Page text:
As far as I can tell, this is about as clear a picture of the road ahead, that the RBA can muster? A more open debate of RBA performance is essential for a healthy economy and society.

In Australia, the RBA(?) is adamant there will be no rate hikes until 2024. The reason, it has said so before, would seem to be the only one.

Inflation has clearly broken into a higher range, and the real driver of inflation, the 'freedom of pricing' now enjoyed from the corner store to the global corporation continues unabated. Yet, still the RBA clings to some forlorn hope that inflation is transitory. Possibly, believing so, as this is what the US Federal Reserve also mistakenly thinks. Just as we created a bond buying program the nation did not need, seemingly because the US Federal Reserve did so.

Having worked around the world and always been a student of global economies and central banks, I can say plainly, that Australia's RBA seems to enjoy a bizarre lack of critique within the economics community here. In other countries, even in Japan, and certainly in the USA and UK, the central bank is discussed openly in critique and the central bank itself listens to such discussion. This is the basis of how all human groups move forward. In Australia, however, the economics community, to some degree driven by the banking community, tends to pay tribute, rather than contribute valuable critique when appropriate.

The RBA does not get it right all the time. It, like all central banks, makes mistakes. Such as raising interest rates three times after the GFC had started, the only central bank to do so, and then having to cut rates dramatically in a belated panic. Such errors can do tremendous damage to the economy and society of a nation. Errors in monetary policy are nothing new, but many can and are avoided through active discussion and debate across banking, investment and academic circles in other countries. There is a need in Australia, for the good of us all, including the RBA, to more actively partake in the discussion on monetary policy. To put future monetary policy in a locked box, to deny flexibility, as the RBA has done with its 'no rate hikes until 2024' fixation, is to risk untold damage in the years ahead.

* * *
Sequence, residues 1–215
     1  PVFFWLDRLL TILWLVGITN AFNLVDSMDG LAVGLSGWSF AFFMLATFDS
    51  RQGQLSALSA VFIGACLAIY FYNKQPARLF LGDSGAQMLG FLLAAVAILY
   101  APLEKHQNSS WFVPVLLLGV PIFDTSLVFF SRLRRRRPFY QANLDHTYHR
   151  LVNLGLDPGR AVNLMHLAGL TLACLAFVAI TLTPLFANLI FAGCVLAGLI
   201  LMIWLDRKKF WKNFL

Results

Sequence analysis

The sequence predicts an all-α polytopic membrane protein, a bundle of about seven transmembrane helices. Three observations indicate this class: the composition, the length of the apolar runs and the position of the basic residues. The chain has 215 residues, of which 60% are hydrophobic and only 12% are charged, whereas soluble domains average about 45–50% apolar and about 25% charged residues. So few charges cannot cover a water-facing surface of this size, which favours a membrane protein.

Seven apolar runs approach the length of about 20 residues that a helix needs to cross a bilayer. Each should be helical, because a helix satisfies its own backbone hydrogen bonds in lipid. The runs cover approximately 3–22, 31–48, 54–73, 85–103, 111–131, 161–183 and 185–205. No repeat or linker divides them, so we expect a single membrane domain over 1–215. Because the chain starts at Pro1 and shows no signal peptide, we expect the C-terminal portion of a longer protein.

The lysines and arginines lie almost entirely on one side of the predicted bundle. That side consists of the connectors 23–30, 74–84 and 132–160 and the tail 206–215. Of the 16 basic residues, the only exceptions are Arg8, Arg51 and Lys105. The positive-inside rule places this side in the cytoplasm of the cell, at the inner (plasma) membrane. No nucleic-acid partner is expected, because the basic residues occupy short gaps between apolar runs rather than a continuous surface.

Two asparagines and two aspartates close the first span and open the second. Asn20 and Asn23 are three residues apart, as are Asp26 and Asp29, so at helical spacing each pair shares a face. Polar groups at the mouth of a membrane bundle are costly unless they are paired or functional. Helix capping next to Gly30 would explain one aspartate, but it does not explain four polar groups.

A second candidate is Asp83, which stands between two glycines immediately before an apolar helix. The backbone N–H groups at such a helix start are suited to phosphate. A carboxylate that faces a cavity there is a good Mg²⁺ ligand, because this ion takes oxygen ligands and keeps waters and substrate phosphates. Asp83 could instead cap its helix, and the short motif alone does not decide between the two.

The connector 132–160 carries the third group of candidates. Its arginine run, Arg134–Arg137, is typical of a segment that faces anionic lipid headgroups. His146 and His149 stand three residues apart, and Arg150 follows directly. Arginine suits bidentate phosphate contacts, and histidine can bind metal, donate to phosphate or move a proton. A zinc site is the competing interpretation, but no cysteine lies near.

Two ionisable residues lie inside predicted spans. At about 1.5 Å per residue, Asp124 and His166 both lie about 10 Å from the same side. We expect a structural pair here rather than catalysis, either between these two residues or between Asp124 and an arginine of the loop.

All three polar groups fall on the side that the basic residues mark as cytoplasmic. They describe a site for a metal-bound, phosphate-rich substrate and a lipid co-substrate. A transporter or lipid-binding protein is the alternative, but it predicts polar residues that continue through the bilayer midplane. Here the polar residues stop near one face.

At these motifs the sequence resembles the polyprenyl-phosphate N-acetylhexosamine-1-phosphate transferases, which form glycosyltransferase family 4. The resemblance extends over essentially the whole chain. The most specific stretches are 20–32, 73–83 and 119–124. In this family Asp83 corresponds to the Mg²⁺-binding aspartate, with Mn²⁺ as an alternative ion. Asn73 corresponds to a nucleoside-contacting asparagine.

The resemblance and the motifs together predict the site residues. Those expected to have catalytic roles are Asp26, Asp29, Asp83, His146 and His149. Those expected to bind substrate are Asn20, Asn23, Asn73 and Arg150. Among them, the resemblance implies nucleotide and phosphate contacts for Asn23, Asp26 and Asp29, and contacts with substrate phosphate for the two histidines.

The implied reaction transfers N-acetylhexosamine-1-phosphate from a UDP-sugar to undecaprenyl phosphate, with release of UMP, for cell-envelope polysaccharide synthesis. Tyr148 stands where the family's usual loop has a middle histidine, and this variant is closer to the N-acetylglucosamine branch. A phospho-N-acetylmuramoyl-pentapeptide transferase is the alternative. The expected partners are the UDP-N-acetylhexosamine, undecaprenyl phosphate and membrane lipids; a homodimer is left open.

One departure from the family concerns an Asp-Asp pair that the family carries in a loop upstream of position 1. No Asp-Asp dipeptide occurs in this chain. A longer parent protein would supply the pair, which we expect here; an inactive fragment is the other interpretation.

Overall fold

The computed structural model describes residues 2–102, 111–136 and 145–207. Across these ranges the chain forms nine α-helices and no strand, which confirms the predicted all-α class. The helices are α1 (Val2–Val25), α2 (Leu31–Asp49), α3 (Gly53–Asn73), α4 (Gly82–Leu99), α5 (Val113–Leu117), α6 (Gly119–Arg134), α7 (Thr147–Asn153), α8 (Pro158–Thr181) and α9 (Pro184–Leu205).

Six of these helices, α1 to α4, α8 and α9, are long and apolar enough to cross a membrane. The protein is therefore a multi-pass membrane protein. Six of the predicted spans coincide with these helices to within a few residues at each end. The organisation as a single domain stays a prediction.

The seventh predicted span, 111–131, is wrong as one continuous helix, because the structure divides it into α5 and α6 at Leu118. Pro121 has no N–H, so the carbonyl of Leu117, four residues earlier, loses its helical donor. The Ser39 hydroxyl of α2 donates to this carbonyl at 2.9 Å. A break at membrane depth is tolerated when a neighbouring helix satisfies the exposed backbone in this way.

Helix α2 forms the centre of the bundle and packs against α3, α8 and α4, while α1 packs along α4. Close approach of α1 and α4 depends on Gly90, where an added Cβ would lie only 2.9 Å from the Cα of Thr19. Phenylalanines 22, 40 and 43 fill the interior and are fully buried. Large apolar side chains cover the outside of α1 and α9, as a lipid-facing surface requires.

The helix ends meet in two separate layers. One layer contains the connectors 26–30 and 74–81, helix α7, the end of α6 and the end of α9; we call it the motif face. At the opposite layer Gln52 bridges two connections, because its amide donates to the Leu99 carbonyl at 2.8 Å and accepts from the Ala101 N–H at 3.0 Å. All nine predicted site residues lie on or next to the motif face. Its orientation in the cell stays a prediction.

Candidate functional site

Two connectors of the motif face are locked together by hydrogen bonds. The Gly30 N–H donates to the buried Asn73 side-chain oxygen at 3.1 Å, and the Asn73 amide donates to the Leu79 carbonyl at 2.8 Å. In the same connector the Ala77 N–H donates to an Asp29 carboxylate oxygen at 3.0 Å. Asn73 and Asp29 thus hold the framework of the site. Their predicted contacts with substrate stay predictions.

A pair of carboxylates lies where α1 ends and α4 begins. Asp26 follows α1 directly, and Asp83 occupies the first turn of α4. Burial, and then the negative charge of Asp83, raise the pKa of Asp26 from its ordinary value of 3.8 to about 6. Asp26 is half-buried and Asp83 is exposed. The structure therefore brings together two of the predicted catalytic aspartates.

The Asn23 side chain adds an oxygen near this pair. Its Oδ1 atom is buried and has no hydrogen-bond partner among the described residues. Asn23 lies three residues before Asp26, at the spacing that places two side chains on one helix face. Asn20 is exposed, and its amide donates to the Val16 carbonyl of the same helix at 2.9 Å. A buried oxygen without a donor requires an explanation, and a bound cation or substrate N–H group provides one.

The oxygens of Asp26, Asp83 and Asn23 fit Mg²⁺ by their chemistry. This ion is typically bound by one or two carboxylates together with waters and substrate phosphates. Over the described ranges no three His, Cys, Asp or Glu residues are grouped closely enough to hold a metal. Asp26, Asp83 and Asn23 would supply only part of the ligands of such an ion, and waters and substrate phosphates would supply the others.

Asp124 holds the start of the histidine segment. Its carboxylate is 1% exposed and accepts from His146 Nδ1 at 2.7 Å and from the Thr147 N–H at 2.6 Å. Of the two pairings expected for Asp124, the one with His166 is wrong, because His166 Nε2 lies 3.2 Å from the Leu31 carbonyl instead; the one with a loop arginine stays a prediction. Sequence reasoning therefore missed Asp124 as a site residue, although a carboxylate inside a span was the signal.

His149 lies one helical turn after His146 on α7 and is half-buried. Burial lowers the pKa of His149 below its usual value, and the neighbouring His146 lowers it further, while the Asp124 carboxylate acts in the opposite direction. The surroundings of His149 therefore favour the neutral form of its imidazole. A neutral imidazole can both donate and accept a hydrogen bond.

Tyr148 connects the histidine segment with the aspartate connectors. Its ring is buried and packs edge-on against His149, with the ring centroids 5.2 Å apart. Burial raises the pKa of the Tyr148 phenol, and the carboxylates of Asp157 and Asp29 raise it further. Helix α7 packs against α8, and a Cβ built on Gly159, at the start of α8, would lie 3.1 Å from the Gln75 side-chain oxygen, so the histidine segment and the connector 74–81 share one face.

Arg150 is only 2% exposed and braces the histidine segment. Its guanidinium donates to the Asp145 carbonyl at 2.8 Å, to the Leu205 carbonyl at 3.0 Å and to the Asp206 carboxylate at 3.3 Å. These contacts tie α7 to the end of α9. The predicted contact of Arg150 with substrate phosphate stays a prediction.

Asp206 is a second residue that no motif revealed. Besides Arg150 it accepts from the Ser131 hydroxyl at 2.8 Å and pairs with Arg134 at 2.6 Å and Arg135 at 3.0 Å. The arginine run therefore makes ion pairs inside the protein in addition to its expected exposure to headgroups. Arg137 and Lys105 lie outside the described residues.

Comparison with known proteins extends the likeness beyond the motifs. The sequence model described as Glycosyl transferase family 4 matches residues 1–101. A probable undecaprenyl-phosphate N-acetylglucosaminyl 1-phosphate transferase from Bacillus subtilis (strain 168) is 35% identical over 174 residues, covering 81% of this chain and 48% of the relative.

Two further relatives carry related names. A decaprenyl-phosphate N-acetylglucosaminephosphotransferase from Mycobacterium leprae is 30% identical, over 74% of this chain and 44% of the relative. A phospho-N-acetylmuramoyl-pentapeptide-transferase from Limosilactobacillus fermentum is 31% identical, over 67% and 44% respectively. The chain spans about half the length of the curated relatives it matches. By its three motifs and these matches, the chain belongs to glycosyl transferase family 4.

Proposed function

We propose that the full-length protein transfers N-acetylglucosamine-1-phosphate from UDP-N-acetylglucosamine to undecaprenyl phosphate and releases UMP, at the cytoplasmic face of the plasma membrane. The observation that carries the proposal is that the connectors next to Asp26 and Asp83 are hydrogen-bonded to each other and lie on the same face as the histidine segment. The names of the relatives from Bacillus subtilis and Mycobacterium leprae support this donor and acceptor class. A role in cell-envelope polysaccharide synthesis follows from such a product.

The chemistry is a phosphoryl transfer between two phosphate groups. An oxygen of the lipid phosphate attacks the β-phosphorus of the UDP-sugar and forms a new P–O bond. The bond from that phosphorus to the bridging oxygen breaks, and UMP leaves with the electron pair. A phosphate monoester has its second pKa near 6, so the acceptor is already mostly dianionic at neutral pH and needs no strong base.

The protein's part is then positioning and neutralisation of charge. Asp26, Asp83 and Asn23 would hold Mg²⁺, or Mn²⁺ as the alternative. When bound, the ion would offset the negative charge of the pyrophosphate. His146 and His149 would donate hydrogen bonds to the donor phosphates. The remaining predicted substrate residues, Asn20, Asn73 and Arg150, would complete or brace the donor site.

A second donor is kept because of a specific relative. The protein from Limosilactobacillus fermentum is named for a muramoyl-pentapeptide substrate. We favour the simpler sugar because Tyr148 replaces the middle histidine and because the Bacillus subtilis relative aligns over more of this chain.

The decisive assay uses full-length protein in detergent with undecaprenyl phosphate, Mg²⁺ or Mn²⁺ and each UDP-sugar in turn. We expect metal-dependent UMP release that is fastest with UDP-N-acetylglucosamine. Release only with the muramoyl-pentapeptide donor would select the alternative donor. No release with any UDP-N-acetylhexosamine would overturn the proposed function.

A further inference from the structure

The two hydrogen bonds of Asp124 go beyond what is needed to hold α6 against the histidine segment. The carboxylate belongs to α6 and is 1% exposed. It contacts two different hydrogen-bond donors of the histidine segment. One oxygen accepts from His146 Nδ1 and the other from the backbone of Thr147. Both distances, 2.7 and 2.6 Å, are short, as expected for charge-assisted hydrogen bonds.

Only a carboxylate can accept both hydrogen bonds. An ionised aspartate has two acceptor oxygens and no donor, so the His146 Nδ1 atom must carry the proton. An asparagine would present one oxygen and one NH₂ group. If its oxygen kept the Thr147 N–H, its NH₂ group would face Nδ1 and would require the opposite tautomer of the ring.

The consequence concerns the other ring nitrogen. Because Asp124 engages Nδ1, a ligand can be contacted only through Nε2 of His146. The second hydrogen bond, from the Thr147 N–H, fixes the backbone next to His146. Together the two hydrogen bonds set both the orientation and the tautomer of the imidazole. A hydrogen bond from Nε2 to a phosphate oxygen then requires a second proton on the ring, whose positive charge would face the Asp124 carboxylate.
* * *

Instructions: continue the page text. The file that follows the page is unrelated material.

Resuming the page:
To come late to the party in addressing inflation, is the most historically classic of errors any central bank can make. Urgent debate in Australia on this very topic is now required.

Any delay, will inevitably and unavoidably result in far more strident, larger, and more persistent rate hikes in the future, than would otherwise have been necessary. The RBA must at all times maintain its flexibility of decision making and look forward through as clear a widescreen as it can, to a world that is specifically about Australia, as well as our regional setting. The Bank of Korea has already lead the way in Asia in seeking to nip the inflation challenge early by raising rates. We need our RBA to be considerate of such action also.

To not raise rates as some kind of popularity contest within the investment community and among mortgage holders, could bring far greater damage to those very people in coming years. We all like and enjoy low interest rates, but runaway inflation is not something any of us should choose to allow out of the box.

The answer may not be an immediate rate hike from the current crisis settings, but the flexibility to raise rates, if necessary, in 2022, 2023, must be maintained for any responsible stewardship of our nations economy to endure.

Australian Inflation.

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